An azeotrope is a mix of two liquids that cannot be separated by distillation as the vapor of both liquids comes at the same time. It is sometime possible to separate the liquids anyway by using various techniques, one of them being vacuum distillation to break the azeotrope, another being salting out. However, these do not work in every case.
|Data source color code|
|CRC & Lange's||CRC only||Lange's only||other (see references)|
| Azeotropes of water, b.p.=100 °C
‡ CRC 44th ed. lists azeotropes for acetic acid/water and acetone/water, Lange's 10th ed. as well as numerous web sources indicate no azeotrope for these pairs.
| Azeotropes of ethanol, b.p.=78.4 °C
| Azeotropes of methanol, b.p.=64.7 °C
‡ CRC and Lange's disagree on this azeotrope, but web source corroborates CRC
Miscellaneous azeotrope pairs
- "What is an Azeotrope?". B/R Corporation. Archived from the original on 24 April 2007. Retrieved 24 March 2007.
- John Durkee (November 2000). "Binary Organic Azeotropes Useful for Solvent Cleaning" (PDF). metalfinishing.com. Retrieved 13 February 2011.
- Hilmen, Eva-Katrine (November 2000). "Separation of Azeotropic Mixtures: Tools for Analysis and Studies on Batch Distillation Operation" (PDF). Norwegian University of Science and Technology, dept. of Chemical Engineering. Retrieved 24 March 2007.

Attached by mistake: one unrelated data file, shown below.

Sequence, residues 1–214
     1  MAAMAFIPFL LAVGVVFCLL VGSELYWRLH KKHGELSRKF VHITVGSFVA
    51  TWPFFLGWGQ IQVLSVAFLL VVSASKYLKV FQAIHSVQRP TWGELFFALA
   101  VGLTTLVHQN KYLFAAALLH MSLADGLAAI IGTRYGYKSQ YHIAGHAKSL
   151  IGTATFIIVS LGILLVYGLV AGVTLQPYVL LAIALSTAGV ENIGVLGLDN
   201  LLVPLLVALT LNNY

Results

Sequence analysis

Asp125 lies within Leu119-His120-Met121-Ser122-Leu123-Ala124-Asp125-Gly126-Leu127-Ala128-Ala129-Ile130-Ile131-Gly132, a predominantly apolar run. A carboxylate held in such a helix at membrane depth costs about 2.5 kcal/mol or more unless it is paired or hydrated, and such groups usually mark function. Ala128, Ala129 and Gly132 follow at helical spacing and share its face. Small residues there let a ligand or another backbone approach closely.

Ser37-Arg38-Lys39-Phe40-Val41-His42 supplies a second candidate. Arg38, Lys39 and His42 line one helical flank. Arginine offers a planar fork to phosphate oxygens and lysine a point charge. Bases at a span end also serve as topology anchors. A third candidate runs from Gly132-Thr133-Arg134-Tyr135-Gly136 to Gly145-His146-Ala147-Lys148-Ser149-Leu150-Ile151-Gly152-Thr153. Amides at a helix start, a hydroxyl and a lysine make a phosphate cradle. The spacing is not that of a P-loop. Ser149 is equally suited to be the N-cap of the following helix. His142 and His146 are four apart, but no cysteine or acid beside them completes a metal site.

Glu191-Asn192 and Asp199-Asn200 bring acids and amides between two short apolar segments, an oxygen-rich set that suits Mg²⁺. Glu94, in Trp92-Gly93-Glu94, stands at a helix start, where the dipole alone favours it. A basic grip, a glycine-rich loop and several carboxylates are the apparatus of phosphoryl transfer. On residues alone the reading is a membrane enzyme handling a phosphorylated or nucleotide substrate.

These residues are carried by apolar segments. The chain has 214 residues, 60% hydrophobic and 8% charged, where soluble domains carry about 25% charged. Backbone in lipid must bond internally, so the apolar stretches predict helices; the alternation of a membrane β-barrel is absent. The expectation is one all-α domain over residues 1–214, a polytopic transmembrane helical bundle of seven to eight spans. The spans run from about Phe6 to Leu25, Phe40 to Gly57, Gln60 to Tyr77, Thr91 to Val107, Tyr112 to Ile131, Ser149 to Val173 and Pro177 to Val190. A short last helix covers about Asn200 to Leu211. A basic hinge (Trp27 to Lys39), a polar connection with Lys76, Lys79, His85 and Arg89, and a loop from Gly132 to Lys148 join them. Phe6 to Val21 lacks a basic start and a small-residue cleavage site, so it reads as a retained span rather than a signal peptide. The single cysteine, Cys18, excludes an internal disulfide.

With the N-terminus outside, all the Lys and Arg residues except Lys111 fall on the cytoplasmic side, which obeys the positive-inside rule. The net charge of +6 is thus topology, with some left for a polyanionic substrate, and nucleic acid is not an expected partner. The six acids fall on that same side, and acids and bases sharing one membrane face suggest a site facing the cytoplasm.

- Merck Index of Chemicals and Drugs, 9th ed. monograph 4653
- Ponton, Jack (September 2001). "Azeotrope Databank" (Queriable database). The Edinburgh Collection of Open Software for Simulation and Education, Edinburgh University. Archived from the original on 24 April 2007. Retrieved 24 March 2007.
- "Binary Vapor-Liquid Equilibrium Data" (Queriable database). Chemical Engineering Research Information Center.
- "Tetrahydrafuran (THF) Storage and Handling" (PDF). BASF. Retrieved 24 May 2007.
- "1,2-Propanediol". ChemIndustry.ru. Archived from the original on 21 December 2007. Retrieved 2007-12-28.